THE following is an excerpt of evidence given at the Aged Care Royal Commission:
“On 15 August 2017 at approximately 4 pm my sister called me to say that Mum was not doing well. [..] My sister and I drove to Bupa Willoughby together. When I arrived, I could hear Mum’s breathing from about 20 metres down the corridor, it was so loud. When I got into the room I could see that her breathing was very laboured and she looked uncomfortable.
“There was no one around to help my mum. I ran around the facility doing laps of the corridors trying to find a nurse or just someone to assist. I felt quite panicked at this stage, and my sister and I were pretty much were taking turns running around looking for help and then one of us would stay with Mum. This went on for at least 30 minutes before we could find someone to help us. Even when we were able to find people, we felt they did not know how to handle the situation.” The resident referred to in this excerpt died later that night.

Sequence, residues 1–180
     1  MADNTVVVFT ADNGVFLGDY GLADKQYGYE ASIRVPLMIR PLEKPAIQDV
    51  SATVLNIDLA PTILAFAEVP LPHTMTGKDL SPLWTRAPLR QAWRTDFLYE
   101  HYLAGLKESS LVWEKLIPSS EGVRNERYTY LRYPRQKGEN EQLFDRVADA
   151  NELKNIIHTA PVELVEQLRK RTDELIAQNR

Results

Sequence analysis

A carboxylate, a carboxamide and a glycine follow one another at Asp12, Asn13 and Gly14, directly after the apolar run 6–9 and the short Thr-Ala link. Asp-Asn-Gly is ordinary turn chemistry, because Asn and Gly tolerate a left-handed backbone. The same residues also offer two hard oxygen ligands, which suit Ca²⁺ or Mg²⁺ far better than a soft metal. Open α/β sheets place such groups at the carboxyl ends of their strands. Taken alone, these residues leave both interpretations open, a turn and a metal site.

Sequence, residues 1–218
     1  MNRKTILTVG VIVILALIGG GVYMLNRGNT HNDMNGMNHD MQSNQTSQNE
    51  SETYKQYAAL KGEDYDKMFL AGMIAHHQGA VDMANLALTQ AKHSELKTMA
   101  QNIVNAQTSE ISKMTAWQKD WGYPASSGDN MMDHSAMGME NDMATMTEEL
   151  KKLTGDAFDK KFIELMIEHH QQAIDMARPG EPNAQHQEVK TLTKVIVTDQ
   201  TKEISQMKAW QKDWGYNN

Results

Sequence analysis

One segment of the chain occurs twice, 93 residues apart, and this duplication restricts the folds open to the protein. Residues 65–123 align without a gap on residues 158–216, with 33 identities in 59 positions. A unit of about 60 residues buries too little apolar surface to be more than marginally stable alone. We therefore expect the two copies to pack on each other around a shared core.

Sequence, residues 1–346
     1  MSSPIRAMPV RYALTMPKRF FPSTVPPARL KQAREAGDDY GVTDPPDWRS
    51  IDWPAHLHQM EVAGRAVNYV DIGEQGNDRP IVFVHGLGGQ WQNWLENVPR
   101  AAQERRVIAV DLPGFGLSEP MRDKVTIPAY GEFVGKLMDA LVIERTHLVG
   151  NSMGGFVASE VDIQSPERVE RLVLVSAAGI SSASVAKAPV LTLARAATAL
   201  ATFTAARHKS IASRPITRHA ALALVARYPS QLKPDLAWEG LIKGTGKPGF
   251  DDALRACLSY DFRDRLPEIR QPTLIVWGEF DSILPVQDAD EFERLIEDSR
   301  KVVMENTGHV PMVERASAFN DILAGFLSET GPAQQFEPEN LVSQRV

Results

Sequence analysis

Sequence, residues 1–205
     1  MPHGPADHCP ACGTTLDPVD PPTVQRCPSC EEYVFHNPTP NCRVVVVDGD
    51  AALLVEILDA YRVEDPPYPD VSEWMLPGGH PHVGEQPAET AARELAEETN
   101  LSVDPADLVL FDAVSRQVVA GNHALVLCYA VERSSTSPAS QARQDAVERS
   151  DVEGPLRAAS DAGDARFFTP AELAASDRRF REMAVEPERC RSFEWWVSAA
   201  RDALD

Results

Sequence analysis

Bupa had this to say when it was examined at the Royal Commission about staffing that night:
“I’m not convinced they were short staffed. It was at a time after meals, putting residents to bed, and – but all the rooms are private rooms and most of the residents of the doors shut. And it has taken them some time to locate somebody. But it does not necessarily mean that the home is short-staffed.”
It is patently obvious from a response like this that staffing levels in nursing homes should not be set by nursing homes. While their mother was dying, it took the daughters of this resident more than half an hour to find a member of staff. When they found someone, that person did not know what to do. But according to Bupa staffing levels weren’t an issue.
If it can’t be left to aged care providers to set appropriate staffing levels, then obviously someone else has to do it. That someone else is the regulator. It’s the Government.
That’s why mandatory staff ratios set by the Government are the only way.